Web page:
Political dilemma and the same Monolith 

Mr. Tharoor’s predicament is understandable. His party has FINALLY recognised that the secular card has lost much of its sheen and credibility, and hence carries very little traction with a large part of the electorate. On the other hand, its main political rival has achieved considerable success through consolidation of what is somewhat simplistically referred to as “Hindu vote”. Under the circumstances, the only viable choice that it is left with, is to offer its own version of Hinduism and convince the electorate that it is being hoodwinked by its rival in the name of Hinduism. The strategy is identical to what its political rival had done by coining the term “pseudo-secularism” . Mr. Tharoor is now trying to turn the tables by suggesting that what his political opponent is following is “pseudo- Hinduism ( though he does not use this term) and his party is the torch bearer of “real Hinduism”

Consequently, there is very little difference in his version of Hinduism and the one subscribed to by the Hindutva brigade. . They draw from the same scriptures ( Vedas, Upanashids, Gita, etc.) offer identical interpretations and extol the same virtues of tolerance, plurality, etc. Even in respect of social ills (like untouchability, superstition, oppression of the downtrodden, cruelty towards widows etc.) their perspectives are  identical i.e. these are distortions which have emerged (mostly in the last few centuries) and have very little to do with the intrinsic nature of Hinduism.

Thus beneath the veneer of modern sensibilities Mr. Tharoor offers as the same monolithic version of Hinduism as the Hindutva brigade – the same smug claims of being the only universal religion ( without of course seeking to proselytise) and the same subtle  “holier than thou” stance. Note for instance Mr. Tharoor’s assertion- ” India’s secular co-existence was paradoxically made possible by the fact that the overwhelming majority of   Indians are Hindu” Net net, Mr. Tharoor has no difference of opinion with his Hindutva counterparts as far as the understanding of Hinduism goes. All that he is saying is that ” They are fake, I am the authentic version”

Hinduness as a cultural construct

Both Mr. Tharoor and Hindutva brigade, also seem to agree that Hinduism ( or more appropriately Hindu-ness) is also a cultural construct- a perspective, a philosophy, a way of life, a set of values, a psycho-social predisposition about different facets of human existence. This notion of Hindu-ness is not restricted to any specific religious creed but transcends  religious affiliations. In this sense, the term Hindu becomes quite similar to the way Mohd. Iqbal used the term Hindi, in his famous verse ” Hindi hein, watan hai hindustan hamara” ( We are Hindis and our land is Hindustan)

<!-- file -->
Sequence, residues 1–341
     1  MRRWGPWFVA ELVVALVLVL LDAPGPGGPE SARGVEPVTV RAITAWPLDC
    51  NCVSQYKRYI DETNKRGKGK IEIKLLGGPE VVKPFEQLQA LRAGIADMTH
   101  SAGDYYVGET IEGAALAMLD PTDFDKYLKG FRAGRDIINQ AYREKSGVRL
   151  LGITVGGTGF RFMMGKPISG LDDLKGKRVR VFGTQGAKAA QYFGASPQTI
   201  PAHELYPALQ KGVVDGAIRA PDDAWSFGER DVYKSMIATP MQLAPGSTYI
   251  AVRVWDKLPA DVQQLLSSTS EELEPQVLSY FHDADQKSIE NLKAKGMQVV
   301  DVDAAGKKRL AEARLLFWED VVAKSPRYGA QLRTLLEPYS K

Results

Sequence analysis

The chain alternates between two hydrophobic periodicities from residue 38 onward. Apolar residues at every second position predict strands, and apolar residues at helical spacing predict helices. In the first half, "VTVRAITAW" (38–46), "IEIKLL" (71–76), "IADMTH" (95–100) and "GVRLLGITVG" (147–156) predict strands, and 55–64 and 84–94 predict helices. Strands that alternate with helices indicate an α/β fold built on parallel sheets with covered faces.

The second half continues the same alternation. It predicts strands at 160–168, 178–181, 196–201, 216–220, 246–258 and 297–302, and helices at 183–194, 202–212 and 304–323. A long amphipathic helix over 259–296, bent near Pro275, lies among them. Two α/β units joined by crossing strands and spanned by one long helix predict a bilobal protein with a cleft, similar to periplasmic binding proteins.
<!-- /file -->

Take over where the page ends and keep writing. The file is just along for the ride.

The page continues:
It is therefore logical to infer that both for the Hundutva brigade, and the likes of Mr. Tharoor, Hindu-ness is not the monopoly of only those who belong to the so called Hindu religions. ( I use the plural because I do not believe that there is anything called Hindu religion. At best, we can talk of a wide set of belief systems, which can broadly be classified as Hindu) . To a large extent, both the virtues and ills of Hinduness, cut across the religious barriers and can be witnessed in most inhabitants of this land, including the followers of Abrahamic faiths. 

The two fallacies

There is thus an undeniable overlap between Hinduness and Indianness. Where Mr. Tharoor differs from his Hindutva counterparts, is in his response to this overlap. The Hindutva brigade treats Hinduness and Indianness as identical and refuses to acknowledge any difference between the two. From their point of view all Indians are Hindus who belong to different sects( or Panths) Thus Moslems become Mohammed Panthi Hindus, Christian become Issah Panthi Hindus, Sikhs become Nanak Panthi Hindus, and so on.

On the face of it, this approach seems quite inclusive, but what it conveniently overlooks is that religions are not just about theology, worship of God and religious rituals. They are also social arrangements and significant anchors of a person/community’s identity. This insistence to erode the distinction between Hinduness and Indianness only fuels paranoia and enhances the need to assert one’s separateness . What is worse, it leaves the community feeling vulnerable about unwanted intrusions into its ways of living e.g. dietary preferences and the like. The net result is that non-recognition of difference between Hinduness and Indianness, only heightens the difference between them.

On the other hand, people like Mr. Tharoor treat them as disjointed separate entities,  They believe that  Hinduness and Indianness should not be mixed with each other and each should be respected and valued in its own right. This sounds perfectly rational but the trouble is that humans are not just rational beings – they also have emotive needs. Devoid of Hinduness, the notion of Indianness is reduced to a mere geo-political convenience and carries no emotive force with it. 

This approach of dealing with the overlap, not merely leaves a huge  emotional vacuum for exploitation by various vested interests, it also puts people like Mr. Tharoor in a peculiar double bind, because they are unable to take any cogent stance in respect of our collective cultural heritage. Thus on one hand Mr. Tharoor wants epics like Ramayana and Mahabharata to be treated as non-religious texts which should be taught in our schools, but simultaneously castigates Doordarshan for telecasting them and contributing to the Hindutva agenda.